Also, if you need help with issues related to back taxes and filing, you may be able to get assistance from your local Low Income Tax Clinic (many of which are apparently still operating in some capacity through the pandemic).

Fourth, to qualify for the payment, you must be a U.S. citizen or a lawful permanent resident (i.e., a Green Card holder) (though some LPRs who have spent significant time outside the U.S. might not qualify for the payment). Others who reside lawfully in the U.S., such as asylees and asylum seekers, may also be eligible for the payment, as long as they are not "nonresident aliens," as defined (in a very confusing manner) by the IRS. According to the Internal Revenue Service--
An alien is any individual who is not a U.S. citizen or U.S. national. A nonresident alien is an alien who has not passed the green card test or the substantial presence test.

The Green Card Test states that an LPR is considered a resident of the United States for tax purposes (and is thus eligible for the stimulus payment) as long as he or she spent at least one day in the U.S. during the relevant tax year.

The Substantial Presence Test is a little trickier. For that, you need to have at least 31 days in the United States during the current year and 183 days in the U.S. during the three-year period that includes the current year and the two years immediately before that. However, when counting towards the 183 days, days in prior years count for less, according to the following formula--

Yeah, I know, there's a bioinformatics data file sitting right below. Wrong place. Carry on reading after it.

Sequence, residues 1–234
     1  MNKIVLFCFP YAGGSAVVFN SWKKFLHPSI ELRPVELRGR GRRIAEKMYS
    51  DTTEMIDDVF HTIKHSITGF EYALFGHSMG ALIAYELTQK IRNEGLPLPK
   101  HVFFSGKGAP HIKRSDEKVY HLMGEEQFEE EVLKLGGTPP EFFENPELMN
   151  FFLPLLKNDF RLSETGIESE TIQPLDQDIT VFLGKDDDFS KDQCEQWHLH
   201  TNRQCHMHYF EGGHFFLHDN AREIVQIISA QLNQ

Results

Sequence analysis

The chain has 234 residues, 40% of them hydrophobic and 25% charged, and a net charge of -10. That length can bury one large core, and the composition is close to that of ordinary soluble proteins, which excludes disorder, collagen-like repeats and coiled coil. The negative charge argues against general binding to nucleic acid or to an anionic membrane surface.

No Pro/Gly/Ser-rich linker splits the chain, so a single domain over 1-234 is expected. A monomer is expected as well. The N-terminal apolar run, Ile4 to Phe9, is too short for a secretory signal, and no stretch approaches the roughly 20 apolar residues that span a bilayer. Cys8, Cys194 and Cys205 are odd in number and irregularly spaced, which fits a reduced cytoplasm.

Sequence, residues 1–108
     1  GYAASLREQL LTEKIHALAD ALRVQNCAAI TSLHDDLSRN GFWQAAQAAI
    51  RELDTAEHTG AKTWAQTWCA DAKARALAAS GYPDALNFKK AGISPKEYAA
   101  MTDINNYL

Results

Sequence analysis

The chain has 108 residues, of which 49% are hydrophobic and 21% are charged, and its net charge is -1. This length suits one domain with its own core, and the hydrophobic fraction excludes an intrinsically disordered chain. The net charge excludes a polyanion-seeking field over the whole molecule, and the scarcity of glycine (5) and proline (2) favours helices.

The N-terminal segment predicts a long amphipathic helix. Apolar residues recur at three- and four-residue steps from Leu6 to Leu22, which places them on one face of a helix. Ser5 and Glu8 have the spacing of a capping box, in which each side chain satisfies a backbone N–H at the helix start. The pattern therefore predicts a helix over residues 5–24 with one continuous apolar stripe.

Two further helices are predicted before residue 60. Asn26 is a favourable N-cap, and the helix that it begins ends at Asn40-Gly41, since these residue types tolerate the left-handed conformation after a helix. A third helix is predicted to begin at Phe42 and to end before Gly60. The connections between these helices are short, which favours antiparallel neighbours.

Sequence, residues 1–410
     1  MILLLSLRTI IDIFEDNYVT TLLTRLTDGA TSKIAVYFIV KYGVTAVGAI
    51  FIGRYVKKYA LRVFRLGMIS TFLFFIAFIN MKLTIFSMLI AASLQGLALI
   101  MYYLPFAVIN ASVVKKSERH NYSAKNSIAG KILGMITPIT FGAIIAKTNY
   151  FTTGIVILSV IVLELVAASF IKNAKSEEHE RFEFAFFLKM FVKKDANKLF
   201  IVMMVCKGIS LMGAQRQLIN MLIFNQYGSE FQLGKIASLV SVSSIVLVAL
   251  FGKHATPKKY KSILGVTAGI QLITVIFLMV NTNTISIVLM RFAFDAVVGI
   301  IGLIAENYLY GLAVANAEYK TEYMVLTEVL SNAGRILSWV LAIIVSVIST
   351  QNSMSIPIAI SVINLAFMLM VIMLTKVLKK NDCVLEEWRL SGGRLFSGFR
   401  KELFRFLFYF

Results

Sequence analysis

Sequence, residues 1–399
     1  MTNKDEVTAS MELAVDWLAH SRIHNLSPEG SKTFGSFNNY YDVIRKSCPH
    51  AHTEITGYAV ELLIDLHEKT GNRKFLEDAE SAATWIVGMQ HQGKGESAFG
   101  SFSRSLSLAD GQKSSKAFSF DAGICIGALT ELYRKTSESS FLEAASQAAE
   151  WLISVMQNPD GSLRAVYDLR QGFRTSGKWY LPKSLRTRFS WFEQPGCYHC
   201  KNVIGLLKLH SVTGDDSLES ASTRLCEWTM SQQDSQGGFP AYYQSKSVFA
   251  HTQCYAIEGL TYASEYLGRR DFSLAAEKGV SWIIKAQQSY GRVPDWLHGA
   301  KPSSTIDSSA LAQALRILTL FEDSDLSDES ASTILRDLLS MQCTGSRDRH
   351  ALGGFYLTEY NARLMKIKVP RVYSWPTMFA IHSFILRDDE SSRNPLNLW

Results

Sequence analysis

A. Current year days in United States x 1 =_____days

B. First preceding year days in United States x 1/3 =_____days

C. Second preceding year days in United States x 1/6 =_____days

D. Total Days in United States =_____days (add lines A, B, and C)

If line D equals or exceeds 183 days, you have passed the183-day test.

So for example, let's say you were physically present in the U.S. for 120 days in each of the years 2017, 2018, and 2019. To determine if you meet the substantial presence test for 2019, count the full 120 days of presence in 2019, 40 days in 2018 (1/3 of 120), and 20 days in 2017 (1/6 of 120). Since the total for the three-year period is 180 days, you are not considered a resident under the substantial presence test for 2019, and would likely not qualify for the stimulus payment. A word of caution here: I am not a tax lawyer (thankfully) and so there may be arguments to make here in order to qualify for the payment. If you do not receive the payment and feel you should have, you may want to seek help from a tax professional.